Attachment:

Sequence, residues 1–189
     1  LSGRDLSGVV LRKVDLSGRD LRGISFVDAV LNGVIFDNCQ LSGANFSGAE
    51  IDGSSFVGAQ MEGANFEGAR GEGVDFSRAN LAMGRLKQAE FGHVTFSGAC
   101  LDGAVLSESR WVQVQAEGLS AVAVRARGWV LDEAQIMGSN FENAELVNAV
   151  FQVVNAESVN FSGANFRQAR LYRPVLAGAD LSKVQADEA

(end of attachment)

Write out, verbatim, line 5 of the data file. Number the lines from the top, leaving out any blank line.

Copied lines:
   151  FQVVNAESVN FSGANFRQAR LYRPVLAGAD LSKVQADEA